André Watts performed the world premiere of Harry Clark's work, "Lisztian Loves," Sunday at the Berger Performing Arts Center. A.E. ARAIZA / ARIZONA DAILY STAR

At the end of Sunday's performance of "Lisztian Loves," Michael York leaned against the chair on stage and watched André Watts play Franz Liszt's "En reve."

The British actor smiled as the American pianist played with a silky shimmer.

As the final note clung in the air at the Berger Performing Arts Center, Watts returned York's smile.

The chemistry the pair had Sunday afternoon felt built on years of collaboration and friendship, not the hours they shared preparing for the world premiere of Chamber Music Plus cellist/playwright Harry Clark's new work.

Clark wrote "Lisztian Loves" for Watts, a lifelong friend of Clark and Clark's wife, pianist Sanda Schuldmann. Watts' role as the musical voice of the famous Hungarian composer/pianist was a given, but even Clark must have been surprised at how well-suited York was to verbalize Liszt's life.

Clark's story begins at Liszt's end - an old man who has outlived his peers and family and finds himself struggling with his regrets, his legacy and all the doubts people have as the clock ticks on their demise. The piece opens with Liszt's "La Lugubre Gondola," about a gondola carrying the remains of the composer's son-in-law and colleague Richard Wagner.

Watts and York combined to bring Liszt to life on the Berger stage. York, whose hair was thinning and whose gait was not nearly as springy as we recall from his film career, was convincing in the role of a man 16 years beyond York's 69. Watts, one of America's finest pianists, filled in the musical voice, bringing the technical chops and a deep passion for Liszt music.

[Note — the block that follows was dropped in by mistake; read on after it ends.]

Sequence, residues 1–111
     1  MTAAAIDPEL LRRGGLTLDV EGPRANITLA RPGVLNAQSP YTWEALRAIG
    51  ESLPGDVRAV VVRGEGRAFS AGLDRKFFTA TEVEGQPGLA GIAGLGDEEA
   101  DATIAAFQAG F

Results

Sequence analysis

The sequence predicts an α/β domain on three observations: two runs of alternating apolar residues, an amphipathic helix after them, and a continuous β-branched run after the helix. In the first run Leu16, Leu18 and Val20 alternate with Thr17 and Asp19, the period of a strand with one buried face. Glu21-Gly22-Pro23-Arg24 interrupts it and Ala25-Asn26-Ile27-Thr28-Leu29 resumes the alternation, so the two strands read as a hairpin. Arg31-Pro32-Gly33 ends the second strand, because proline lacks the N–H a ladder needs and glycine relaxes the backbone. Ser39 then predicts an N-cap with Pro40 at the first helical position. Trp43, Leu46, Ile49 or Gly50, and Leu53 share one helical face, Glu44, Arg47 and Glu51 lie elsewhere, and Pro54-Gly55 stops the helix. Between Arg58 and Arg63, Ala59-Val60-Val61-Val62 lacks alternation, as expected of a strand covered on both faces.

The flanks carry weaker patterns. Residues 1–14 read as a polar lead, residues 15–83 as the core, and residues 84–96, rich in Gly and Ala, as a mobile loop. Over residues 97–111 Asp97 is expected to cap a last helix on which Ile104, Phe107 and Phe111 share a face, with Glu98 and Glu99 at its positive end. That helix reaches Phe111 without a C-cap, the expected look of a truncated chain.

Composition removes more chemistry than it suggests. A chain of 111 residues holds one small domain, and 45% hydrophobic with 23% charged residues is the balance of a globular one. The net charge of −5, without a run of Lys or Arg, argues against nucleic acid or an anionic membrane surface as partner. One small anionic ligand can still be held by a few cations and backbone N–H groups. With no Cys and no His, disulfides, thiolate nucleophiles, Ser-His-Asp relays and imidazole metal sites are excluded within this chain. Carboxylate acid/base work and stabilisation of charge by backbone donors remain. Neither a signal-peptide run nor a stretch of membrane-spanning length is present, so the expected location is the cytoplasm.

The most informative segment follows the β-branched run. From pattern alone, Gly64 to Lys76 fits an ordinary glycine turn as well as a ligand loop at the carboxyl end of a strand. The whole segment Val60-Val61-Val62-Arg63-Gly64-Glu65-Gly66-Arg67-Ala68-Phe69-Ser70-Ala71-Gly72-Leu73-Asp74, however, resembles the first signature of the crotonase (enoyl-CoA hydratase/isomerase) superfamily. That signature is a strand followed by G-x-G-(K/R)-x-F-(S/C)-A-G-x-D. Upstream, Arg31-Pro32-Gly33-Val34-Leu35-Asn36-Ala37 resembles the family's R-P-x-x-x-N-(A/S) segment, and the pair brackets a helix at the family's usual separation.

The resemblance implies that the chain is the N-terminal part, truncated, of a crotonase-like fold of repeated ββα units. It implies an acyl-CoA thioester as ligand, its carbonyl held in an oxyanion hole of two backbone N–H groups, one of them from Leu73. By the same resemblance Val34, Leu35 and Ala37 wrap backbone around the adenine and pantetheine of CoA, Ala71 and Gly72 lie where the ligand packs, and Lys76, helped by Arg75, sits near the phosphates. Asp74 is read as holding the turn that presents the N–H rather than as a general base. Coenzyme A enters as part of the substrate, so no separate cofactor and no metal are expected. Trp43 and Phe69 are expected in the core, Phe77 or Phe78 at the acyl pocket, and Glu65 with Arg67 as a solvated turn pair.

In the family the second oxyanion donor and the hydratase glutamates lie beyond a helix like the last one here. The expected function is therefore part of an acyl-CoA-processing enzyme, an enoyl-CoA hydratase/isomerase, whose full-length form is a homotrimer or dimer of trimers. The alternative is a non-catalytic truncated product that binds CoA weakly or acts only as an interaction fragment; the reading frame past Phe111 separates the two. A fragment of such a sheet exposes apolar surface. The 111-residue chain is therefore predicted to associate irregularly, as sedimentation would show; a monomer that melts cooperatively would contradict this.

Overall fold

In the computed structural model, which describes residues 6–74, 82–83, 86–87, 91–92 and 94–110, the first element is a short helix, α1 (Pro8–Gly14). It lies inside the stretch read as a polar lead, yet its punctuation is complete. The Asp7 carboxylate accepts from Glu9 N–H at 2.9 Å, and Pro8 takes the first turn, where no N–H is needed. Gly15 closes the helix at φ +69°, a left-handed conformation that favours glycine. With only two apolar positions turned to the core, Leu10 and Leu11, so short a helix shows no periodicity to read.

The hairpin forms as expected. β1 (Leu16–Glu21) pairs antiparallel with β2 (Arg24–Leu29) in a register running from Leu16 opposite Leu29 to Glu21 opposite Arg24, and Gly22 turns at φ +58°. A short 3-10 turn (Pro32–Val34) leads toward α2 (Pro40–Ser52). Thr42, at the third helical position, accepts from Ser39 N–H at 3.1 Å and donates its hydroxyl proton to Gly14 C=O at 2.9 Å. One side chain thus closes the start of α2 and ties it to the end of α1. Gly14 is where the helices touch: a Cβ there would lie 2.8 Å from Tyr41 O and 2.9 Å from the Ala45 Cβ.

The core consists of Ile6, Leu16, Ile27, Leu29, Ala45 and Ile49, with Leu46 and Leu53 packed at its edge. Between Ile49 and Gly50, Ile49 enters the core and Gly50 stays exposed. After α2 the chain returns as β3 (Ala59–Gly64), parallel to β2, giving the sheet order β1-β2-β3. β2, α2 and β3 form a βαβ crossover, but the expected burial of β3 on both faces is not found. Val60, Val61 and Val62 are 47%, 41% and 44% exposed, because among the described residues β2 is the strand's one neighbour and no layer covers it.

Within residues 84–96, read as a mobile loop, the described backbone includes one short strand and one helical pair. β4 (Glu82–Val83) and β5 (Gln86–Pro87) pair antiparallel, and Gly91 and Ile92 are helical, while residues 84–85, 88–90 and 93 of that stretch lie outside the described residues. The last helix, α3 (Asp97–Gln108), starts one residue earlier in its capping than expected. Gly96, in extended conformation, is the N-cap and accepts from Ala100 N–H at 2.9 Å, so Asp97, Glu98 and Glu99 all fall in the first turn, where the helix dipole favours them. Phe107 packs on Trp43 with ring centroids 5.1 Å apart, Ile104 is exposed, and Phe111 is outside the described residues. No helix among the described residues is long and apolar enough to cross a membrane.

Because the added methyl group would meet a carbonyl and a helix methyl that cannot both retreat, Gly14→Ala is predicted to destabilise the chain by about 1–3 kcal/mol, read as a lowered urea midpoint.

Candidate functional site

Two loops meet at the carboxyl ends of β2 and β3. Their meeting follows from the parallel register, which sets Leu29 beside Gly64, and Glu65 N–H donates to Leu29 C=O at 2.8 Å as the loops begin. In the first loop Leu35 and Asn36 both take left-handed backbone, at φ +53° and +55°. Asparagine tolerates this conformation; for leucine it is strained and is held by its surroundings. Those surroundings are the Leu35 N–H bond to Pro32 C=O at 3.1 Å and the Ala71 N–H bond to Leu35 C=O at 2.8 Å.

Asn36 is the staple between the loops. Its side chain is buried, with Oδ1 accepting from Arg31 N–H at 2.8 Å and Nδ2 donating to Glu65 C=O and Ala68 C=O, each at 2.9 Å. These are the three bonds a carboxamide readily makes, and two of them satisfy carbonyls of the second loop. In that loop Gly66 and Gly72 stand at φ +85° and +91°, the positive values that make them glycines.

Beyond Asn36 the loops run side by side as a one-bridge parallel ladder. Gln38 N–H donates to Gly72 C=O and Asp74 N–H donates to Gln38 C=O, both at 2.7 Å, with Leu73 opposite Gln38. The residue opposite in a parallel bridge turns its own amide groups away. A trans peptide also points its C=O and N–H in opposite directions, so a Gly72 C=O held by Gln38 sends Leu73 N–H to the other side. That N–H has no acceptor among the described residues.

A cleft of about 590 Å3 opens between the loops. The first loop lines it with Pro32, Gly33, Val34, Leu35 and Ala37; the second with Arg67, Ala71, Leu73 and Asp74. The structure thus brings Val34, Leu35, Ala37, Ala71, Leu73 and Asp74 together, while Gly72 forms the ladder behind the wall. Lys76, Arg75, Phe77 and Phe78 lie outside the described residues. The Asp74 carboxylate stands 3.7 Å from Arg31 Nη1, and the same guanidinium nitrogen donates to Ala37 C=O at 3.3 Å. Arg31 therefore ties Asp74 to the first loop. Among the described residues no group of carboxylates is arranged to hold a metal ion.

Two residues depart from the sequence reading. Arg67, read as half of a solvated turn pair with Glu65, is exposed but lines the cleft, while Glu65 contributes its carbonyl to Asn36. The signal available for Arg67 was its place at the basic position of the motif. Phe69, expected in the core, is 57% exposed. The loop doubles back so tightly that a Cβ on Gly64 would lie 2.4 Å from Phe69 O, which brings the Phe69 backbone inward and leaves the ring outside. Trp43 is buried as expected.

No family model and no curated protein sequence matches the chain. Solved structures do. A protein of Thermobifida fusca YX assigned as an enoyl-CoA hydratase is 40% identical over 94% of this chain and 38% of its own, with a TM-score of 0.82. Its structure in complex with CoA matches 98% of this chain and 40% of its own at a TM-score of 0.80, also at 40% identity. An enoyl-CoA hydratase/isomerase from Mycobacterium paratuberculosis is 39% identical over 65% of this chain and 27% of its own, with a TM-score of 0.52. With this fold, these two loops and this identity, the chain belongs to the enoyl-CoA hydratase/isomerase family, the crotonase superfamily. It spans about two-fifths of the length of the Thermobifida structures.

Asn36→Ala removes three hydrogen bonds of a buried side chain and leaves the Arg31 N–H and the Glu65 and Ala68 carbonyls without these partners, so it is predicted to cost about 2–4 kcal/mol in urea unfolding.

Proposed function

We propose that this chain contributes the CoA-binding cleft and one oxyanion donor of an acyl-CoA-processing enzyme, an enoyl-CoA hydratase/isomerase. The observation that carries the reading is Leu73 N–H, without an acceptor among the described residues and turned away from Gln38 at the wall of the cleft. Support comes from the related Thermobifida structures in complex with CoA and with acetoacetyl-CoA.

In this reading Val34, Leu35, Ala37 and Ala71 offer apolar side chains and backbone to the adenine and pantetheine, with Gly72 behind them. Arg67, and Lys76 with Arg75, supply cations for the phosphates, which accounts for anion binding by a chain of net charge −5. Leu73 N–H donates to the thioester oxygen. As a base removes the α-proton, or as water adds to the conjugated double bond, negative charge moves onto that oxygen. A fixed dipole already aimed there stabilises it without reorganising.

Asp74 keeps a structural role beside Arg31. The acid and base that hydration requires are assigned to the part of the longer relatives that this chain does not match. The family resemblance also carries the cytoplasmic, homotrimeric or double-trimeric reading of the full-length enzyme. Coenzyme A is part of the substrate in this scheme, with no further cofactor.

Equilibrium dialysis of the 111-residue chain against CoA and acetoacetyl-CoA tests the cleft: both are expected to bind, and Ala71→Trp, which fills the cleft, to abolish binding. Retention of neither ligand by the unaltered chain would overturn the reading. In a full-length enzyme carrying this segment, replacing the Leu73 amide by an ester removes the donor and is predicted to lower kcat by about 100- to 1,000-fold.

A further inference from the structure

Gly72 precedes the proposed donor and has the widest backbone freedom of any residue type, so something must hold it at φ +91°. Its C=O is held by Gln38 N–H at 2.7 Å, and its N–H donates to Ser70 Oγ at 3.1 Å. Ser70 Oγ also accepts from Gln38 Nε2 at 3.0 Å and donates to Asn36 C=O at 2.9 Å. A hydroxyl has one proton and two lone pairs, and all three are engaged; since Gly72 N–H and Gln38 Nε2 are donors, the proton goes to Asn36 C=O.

Together, the pair gave a full, vigorous, very alive voice to the 19th century composer, who in many ways set the standard for concert pianists to this day.

At times, York seemed to lose his place in Clark's well-crafted monologue, reading from loose sheets of paper. But the speed bumps added to his melodic cadence, bringing a layer of realism to the performance.

Although Watts had no spoken role, he and York performed a duet of sorts - York reading the text, Watts playing the music - with "Der Traurige Mönch" (The Sad Monk). It was the first time Watts had performed the piece publicly.

Watts' role amounted to a recital's worth of performing, all of it so inspired that you couldn't help but lean forward in your seat and watch his every move. After each piece - including the Etude de concert No. 3 "Un Sospiro"; and a pair of Etudes from the Six Grande Etudes After Paganini, No. 5 and No. 6 - the audience gave Watts a hand-stinging ovation. By the third piece, some in the audience added a whistle to their applause and a few bravos.

York and Watts will take "Lisztian Love" to the renowned Ravinia Festival in Chicago in July.